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Revista da Associação Médica Brasileira

Print version ISSN 0104-4230On-line version ISSN 1806-9282

Rev. Assoc. Med. Bras. vol.63 no.11 São Paulo Nov. 2017 


Posterior fossa decompression with duraplasty in Chiari surgery: A technical note

Descompressão de fossa posterior com duroplastia no tratamento cirúrgico do Chiari: nota técnica

Marcelo Ferreira Sabba1 

Beatriz Souza Renor1 

Enrico Ghizoni2 

Helder Tedeschi2 

Andrei Fernandes Joaquim3  * 

1MD. Neurosurgery Resident, Universidade Estadual de Campinas (Unicamp), Campinas, SP, Brazil

2MD, PhD. Professor of Neurosurgery, Unicamp, Campinas, SP, Brazil

3MD, PhD. Neurosurgeon, Unicamp, Campinas, SP, Brazil


Chiari malformation (CM) is the most common and prevalent symptomatic congenital craniocervical malformation. Radiological diagnosis is established when the cerebellar tonsils are located 5 mm or more below the level of the foramen magnum on magnetic resonance imaging (MRI). Surgical treatment is indicated whenever there is symptomatic tonsillar herniation or syringomyelia/hydrocephalus. The main surgical treatment for CM without craniocervical instability (such as atlantoaxial luxation) is posterior fossa decompression, with or without duraplasty. The authors describe in details and in a stepwise fashion the surgical approach of patients with CM as performed at the State University of Campinas, emphasizing technical nuances for minimizing the risks of the procedure and potentially improving patient outcome.

Keywords: Arnold-Chiari malformation/surgery; cerebellum/pathology; neural tube defects


A malformação de Chiari (MC) é a malformação craniocervical congênita sintomática mais comum e prevalente. O diagnóstico radiológico é definido quando as tonsilas cerebelares estão localizadas pelo menos 5 mm abaixo do nível do forame magno na ressonância magnética (RM). Quando há hérnia tonsilar sintomática, siringomielia ou hidrocefalia, o tratamento cirúrgico é indicado. O principal tratamento cirúrgico para MC sem instabilidade craniocervical (como a luxação atlantoaxial) é a descompressão da fossa posterior com ou sem duroplastia. Os autores descrevem detalhadamente a abordagem cirúrgica de pacientes com MC realizada na Universidade Estadual de Campinas, enfatizando nuances técnicas para minimizar os riscos relacionados ao procedimento e melhorar os resultados pós-operatórios.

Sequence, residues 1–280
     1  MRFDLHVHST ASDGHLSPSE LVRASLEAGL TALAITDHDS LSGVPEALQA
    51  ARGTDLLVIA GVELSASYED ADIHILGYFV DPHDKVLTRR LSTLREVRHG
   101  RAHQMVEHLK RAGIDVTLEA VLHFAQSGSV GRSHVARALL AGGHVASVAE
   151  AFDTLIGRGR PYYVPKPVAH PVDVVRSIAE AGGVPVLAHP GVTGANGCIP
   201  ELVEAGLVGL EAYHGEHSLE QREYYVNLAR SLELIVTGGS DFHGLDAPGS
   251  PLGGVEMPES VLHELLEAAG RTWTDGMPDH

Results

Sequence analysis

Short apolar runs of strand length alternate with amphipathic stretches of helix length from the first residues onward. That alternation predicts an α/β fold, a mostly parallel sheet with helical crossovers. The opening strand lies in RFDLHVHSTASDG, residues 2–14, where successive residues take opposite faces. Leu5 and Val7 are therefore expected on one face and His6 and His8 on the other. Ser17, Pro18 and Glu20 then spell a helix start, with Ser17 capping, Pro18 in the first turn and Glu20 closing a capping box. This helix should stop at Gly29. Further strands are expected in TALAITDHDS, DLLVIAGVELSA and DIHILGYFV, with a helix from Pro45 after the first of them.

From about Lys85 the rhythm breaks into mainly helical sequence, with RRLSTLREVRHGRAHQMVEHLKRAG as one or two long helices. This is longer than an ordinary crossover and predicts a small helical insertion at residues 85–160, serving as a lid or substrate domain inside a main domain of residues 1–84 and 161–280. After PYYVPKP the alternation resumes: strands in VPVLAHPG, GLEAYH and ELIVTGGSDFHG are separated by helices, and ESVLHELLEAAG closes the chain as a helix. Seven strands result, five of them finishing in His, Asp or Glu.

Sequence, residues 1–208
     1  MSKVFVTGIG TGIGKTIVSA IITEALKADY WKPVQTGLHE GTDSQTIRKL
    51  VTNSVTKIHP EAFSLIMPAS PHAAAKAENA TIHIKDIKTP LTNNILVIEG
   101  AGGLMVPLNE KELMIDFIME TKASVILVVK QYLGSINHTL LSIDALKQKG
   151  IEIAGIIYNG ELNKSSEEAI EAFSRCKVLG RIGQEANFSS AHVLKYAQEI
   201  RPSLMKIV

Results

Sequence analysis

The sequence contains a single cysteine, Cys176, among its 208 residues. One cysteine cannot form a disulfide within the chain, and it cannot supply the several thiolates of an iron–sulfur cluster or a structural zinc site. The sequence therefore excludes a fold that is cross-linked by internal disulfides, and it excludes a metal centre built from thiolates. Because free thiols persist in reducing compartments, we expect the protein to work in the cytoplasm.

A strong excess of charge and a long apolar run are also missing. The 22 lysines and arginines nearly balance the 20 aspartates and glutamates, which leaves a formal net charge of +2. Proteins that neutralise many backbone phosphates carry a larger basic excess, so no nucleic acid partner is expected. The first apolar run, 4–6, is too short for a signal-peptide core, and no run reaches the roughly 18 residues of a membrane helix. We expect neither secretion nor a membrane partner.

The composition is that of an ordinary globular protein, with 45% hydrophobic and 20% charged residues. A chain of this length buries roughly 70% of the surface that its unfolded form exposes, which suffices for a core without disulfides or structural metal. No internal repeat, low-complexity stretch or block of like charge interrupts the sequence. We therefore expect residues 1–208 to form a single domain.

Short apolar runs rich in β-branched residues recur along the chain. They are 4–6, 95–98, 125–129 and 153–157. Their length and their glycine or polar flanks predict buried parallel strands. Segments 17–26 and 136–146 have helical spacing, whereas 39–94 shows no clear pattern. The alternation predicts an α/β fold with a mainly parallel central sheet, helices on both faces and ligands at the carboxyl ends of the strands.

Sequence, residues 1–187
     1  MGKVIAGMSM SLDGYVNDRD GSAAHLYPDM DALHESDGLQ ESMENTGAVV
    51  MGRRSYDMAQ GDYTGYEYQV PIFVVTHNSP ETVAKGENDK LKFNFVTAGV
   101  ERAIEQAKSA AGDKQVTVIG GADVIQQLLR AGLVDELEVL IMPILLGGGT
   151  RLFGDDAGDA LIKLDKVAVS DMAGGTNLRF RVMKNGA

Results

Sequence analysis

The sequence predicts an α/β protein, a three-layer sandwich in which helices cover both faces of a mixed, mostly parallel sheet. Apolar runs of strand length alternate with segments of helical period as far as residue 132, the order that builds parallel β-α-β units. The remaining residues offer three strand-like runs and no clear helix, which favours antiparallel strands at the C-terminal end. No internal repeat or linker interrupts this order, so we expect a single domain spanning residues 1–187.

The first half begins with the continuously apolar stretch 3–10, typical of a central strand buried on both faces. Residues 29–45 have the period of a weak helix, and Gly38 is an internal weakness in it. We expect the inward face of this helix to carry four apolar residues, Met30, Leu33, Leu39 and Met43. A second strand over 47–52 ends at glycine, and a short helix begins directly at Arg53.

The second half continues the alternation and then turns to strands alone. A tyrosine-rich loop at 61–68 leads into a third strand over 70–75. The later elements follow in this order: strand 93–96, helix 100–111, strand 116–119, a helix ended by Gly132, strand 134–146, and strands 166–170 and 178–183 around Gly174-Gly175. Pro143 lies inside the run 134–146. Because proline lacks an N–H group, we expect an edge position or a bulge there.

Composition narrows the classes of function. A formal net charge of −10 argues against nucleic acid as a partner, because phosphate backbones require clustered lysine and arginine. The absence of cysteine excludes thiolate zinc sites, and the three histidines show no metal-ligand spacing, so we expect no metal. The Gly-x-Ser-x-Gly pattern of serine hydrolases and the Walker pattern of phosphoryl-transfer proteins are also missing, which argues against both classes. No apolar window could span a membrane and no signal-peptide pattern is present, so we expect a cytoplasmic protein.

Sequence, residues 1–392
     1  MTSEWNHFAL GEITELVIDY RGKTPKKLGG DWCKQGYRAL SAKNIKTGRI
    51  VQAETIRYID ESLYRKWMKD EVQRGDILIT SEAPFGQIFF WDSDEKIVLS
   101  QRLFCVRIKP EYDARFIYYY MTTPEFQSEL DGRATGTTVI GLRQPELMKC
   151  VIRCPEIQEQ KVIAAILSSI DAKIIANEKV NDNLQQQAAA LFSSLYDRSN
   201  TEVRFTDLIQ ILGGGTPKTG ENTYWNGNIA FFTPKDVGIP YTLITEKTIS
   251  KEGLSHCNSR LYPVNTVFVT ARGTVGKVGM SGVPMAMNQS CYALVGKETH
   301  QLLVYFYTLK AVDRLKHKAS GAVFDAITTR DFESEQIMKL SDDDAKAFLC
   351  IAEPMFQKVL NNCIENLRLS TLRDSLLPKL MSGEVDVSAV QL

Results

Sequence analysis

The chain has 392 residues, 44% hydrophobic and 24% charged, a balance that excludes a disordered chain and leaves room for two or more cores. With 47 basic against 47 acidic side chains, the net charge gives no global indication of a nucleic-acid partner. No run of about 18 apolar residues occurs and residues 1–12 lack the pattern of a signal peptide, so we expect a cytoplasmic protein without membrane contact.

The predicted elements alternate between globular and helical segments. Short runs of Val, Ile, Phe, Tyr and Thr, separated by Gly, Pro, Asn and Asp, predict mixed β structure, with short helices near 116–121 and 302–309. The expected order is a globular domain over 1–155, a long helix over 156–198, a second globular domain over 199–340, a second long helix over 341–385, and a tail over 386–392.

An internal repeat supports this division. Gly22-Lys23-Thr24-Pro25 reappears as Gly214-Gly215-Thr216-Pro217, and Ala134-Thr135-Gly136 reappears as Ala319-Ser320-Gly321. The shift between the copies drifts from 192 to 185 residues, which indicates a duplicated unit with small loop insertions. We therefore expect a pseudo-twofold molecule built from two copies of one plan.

Palavras-chave: malformação/cirurgia de Arnold-Chiari; cerebelo/patologia; defeitos do tubo neural


Chiari malformation (CM) was described in 1891 by Hans Chiari as a caudal displacement of the cerebellar tonsils through the foramen magnum.1 The prevalence of patients with CM in the US is estimated at about 215,000 individuals,2 being the most common and prevalent symptomatic congenital craniocervical malformation.2-4 Type 1 CM, diagnosed when the cerebellar tonsils are located 5 mm or more below the level of the foramen magnum on magnetic resonance imaging (MRI), is the commonest form and is discussed in the present article.5 This radiological diagnosis is questioned by many authors, once the amount of herniation needed to be considered as “abnormal” and to produce clinical symptoms is extremely variable (some patients may present with symptoms with less herniation and others may even be asymptomatic).6 Tonsillar herniation, associated with a small posterior fossa volume, may result in cerebrospinal fluid (CSF) flow abnormalities and in upper cervical spine and brainstem compression, leading to a constellation of clinical symptoms.7,8

Surgical treatment is indicated whenever there is symptomatic tonsillar herniation or syringomyelia/hydrocephalus. The main surgical treatment for CM without craniocervical instability (such as atlantoaxial luxation) is posterior fossa decompression, with or without duraplasty. The benefits of posterior fossa decompression in patient outcome are well established in many case series.9-13

The present technical note describes in details and in a stepwise fashion the surgical approach of patients with CM as it is done at our institution (State University of Campinas). The rationale of each step is discussed along with a review of the pertinent literature.


Patient position